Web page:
December 1st is only 3 months away. Is your organization ready?
In a recent blog, I explained how to identify your “At Risk Exempts.”
Now that you know who is at risk of losing their exemption status, let’s see what you need to do to be Overtime Ready by December 1st.
September 2016 – Gather numbers of hours worked by “At Risk” exempts.
With the list of “At Risk” exempt employees (those earning a salary under $47,476) in hand, you now need to find out the hours worked by each one. Remember those working more than 40 hours per week will become eligible for overtime pay.
If you currently track employees’ hours, you can easily find out the hours worked each week. Professional firms such as accounting and legal firms require their employees to track hours for client billing. Non-profit agencies operating on grant money also track hours to justify their grant used. Those organizations have a leg up on the rest of us.
However, most employers do not track exempt employees’ hours. But this needs to change. Start tracking exempt employee work hours today! Consider tracking all hours not just those who risk losing the exemption.
Don’t assume you know how many hours are worked. Tracking hours worked can be challenging. It is more than time in the office. It includes time spent answering emails, making work-related calls from home or telecommuting. In some cases, travel time should be included too.
Having an accurate accounting of hours worked per week over a meaningful period of time is very important to comply with the new overtime regulations.
October 2016 – Decide on (re)classification of employee. There is no “one size fits all”.
Armed with the hours worked and the current salary of each of your at-risk exempt, consider the following questions:
- Can we increase the rate of pay to $47,476 (or more) and maintain this salaried employee in the “exempt range”? When the current salary is close to the new threshold, anticipating a salary increase will allow you to maintain the exemption. It’s probably worth it to your organization and to maintain morale. This is the best case scenario.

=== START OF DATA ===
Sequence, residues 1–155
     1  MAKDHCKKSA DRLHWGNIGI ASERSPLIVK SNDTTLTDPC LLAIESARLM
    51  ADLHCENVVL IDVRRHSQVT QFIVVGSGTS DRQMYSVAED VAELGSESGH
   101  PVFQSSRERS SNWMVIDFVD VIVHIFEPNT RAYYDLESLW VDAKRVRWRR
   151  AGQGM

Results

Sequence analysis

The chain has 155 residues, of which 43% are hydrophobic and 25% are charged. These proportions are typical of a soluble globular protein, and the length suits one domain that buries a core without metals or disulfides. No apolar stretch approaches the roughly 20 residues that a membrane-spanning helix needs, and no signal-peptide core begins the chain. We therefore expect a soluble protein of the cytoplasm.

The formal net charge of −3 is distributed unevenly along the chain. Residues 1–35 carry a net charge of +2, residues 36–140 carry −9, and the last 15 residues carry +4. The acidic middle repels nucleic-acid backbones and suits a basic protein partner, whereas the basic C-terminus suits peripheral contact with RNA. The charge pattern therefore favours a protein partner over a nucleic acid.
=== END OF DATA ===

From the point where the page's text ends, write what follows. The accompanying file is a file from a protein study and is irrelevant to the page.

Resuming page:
- How much is the likely cost of overtime pay? When employees don’t usually work much overtime, the reclassification from exempt to non-exempt might feel like an administrative process. However, consider what’s coming down the pipe for your operations. Many changes affect hours worked. For example, the implementation of a new software, the impact of seasonal changes in work hours could drive a significant overtime bill for when those employees are reclassified as non-exempt.
- Does the employee earn incentive pay? For the first time, the new FLSA regulations allow for bonus and incentive pay can be included in the calculations of the new salary threshold for exemption. However, incentive pay must be capped at 10% of total salary. In other words, employees making $42,730 in wages meet the new salary test if they also earn at least $4,750 in nondiscretionary bonuses and incentive payments (including commissions). Don’t forget to add incentive pay when looking at earning levels of your at-risk exempts.
November 2016 – Communicate with employees.
Have a communication plan for employees who will be reclassified but don’t ignore those who won’t.
Set up one-on-one meetings with all employees who will be reclassified. They will have many questions around the changes. Here are some of the important points to share with them:
- Explain why the change in classification for some employees and not others
- When it will be effective
- For newly non-exempt employees, highlight what will change for them such as the new rate of pay, the opportunity for overtime pay (or not), how to get authorization to work overtime even from home, the need to record all hours worked.
- Always assure the employee of their importance to your organization.
The likely reactions from the affected employees will range from a shoulder shrug to high emotions. Some employees will see this change as a demotion. Having a meaningful, personal conversation about why you had to make these updates will make the transition easier. Be prepared for follow-up conversations when emotions run high.
Consider also an all-hands meeting to explain the changes to your entire workforce.
Over the next three months, we will consider each of those steps in more detail to help you be Overtime Ready by December 1st.
Next time – How to track hours in a fluid workplace. You need to know this stuff!
Additional resources to be Overtime Ready by December 1st: